module metrics.correlations¶

Short summary¶

module mlinsights.metrics.correlations

Correlations.

source on GitHub

Functions¶

function

truncated documentation

non_linear_correlations

Computes non linear correlations.

Documentation¶

Correlations.

source on GitHub

mlinsights.metrics.correlations.non_linear_correlations(df, model, draws=5, minmax=False)[source]

Computes non linear correlations.

Parameters
• model – machine learned model used to compute the correlations

• draws – number of tries for bootstrap, the correlation is the average of the results obtained at each draw

• minmax – if True, returns three matrices correlations, min, max, only the correlation matrix if False

Returns

see parameter minmax If variables are centered, , it becomes: If rescaled, , then it becomes . Let’s assume we try to find a coefficient such as minimizes the standard deviation of noise : It is like if coefficient comes from a a linear regression which minimizes . If variable , are centered and rescaled: . We extend that definition to function of parameter defined as: . is not linear anymore. Let’s assume parameter minimizes quantity . Then and we choose such as . Let’s define a non linear correlation bounded by as: We can verify that this value is in interval:math:[0,1]. That also means that there is no negative correlation. is a machine learned model and most of them usually overfit the data. The database is split into two parts, one is used to train the model, the other one to compute the correlation. The same split are used for every coefficient. The returned matrix is not necessarily symmetric.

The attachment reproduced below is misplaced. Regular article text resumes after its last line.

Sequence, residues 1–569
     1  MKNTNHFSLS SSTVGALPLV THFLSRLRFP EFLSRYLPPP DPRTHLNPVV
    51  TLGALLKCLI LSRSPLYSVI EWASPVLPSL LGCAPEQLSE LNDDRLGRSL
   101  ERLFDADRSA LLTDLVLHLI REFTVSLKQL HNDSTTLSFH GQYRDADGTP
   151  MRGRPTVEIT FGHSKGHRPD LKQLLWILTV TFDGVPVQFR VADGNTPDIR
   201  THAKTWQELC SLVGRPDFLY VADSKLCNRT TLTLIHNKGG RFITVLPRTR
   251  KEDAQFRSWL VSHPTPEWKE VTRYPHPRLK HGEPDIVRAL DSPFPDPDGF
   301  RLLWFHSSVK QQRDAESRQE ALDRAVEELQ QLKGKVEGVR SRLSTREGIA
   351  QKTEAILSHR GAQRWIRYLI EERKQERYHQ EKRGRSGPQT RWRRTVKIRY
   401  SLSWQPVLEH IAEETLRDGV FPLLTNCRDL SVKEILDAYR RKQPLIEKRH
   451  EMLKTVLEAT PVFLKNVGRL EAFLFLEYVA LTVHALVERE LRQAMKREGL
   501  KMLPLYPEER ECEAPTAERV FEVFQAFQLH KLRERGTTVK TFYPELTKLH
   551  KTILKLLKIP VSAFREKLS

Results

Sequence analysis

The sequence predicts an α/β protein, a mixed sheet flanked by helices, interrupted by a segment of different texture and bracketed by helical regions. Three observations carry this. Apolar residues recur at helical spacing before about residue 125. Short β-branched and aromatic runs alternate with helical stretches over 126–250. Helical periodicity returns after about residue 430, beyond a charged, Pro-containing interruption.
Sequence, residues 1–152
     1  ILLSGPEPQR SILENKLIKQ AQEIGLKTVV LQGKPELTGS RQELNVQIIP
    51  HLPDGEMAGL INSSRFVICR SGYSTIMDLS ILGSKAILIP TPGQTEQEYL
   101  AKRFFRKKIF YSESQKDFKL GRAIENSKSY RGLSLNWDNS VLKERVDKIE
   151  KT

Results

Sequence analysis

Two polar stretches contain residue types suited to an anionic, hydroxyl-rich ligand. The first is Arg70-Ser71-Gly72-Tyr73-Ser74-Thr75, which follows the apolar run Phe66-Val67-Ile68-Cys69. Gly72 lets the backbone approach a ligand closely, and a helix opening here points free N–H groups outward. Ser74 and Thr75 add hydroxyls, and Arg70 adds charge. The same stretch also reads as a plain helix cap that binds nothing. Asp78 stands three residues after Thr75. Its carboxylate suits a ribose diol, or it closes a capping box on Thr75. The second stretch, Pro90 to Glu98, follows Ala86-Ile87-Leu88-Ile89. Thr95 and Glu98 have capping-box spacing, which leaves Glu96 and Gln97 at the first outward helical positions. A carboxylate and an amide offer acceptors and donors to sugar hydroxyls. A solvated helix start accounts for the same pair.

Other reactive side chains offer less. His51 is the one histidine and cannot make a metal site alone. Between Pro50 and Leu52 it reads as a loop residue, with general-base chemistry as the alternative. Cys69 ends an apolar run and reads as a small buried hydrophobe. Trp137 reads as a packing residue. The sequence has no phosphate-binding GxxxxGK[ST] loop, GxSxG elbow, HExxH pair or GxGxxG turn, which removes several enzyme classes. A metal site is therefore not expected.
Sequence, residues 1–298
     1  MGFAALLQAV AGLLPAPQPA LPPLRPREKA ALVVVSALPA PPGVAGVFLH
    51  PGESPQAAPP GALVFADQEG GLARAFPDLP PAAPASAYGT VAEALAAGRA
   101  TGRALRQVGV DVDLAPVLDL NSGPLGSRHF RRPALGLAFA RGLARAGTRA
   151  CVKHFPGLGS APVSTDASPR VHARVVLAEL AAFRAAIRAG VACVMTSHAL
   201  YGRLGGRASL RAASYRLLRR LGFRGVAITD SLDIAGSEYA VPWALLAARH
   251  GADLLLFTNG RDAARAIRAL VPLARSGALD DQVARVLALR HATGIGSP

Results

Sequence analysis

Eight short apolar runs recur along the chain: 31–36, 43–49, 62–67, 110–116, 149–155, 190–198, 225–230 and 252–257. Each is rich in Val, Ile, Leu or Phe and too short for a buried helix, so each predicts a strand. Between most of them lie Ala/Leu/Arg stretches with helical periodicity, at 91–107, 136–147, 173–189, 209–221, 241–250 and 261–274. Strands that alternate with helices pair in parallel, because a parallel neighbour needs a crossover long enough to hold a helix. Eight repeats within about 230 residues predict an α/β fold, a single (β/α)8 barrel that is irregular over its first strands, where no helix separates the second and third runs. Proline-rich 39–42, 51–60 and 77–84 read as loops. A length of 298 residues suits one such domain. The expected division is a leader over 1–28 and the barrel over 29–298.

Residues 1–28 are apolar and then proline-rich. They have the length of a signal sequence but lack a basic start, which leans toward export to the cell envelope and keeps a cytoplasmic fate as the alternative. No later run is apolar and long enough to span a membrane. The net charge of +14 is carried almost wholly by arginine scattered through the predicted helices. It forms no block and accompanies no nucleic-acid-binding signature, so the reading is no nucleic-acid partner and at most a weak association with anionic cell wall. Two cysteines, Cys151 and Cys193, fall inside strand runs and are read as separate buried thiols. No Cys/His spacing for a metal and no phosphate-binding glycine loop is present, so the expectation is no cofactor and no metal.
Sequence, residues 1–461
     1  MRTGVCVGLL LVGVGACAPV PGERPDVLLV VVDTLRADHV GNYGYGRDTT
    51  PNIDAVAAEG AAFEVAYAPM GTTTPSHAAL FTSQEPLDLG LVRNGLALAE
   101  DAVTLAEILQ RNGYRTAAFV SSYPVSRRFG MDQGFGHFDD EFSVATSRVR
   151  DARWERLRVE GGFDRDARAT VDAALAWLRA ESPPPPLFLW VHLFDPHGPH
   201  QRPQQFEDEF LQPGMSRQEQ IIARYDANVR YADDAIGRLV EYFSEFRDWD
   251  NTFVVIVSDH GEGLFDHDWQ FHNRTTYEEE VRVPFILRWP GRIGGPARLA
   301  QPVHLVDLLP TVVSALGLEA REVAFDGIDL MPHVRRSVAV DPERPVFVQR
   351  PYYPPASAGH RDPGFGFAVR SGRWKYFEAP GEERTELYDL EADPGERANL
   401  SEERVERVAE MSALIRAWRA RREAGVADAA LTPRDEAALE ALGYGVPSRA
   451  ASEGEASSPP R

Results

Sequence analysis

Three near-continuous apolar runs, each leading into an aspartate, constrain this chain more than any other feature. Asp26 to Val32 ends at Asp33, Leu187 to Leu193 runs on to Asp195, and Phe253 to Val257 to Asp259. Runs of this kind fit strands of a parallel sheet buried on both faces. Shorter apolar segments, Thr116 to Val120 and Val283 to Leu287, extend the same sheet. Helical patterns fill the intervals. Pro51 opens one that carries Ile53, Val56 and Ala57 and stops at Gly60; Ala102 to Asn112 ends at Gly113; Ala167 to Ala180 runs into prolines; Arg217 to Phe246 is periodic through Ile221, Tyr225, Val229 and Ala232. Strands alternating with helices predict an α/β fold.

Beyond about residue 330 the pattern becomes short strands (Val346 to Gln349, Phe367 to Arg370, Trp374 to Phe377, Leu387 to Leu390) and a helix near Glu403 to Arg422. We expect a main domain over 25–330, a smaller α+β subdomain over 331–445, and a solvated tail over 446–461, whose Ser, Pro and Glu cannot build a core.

Compute non linear correlations

The following example compute non linear correlations on Iris datasets based on a RandomForestRegressor model.

<<<

import pandas
from sklearn import datasets
from sklearn.ensemble import RandomForestRegressor
from mlinsights.metrics import non_linear_correlations

X = iris.data[:, :4]
df = pandas.DataFrame(X)
df.columns = ["X1", "X2", "X3", "X4"]
cor = non_linear_correlations(df, RandomForestRegressor())
print(cor)


>>>

              X1        X2        X3        X4
X1  0.998721  0.000000  0.849184  0.782002
X2  0.000000  0.995516  0.275266  0.032581
X3  0.879026  0.589137  0.999289  0.962060
X4  0.745927  0.673385  0.968552  0.999138


source on GitHub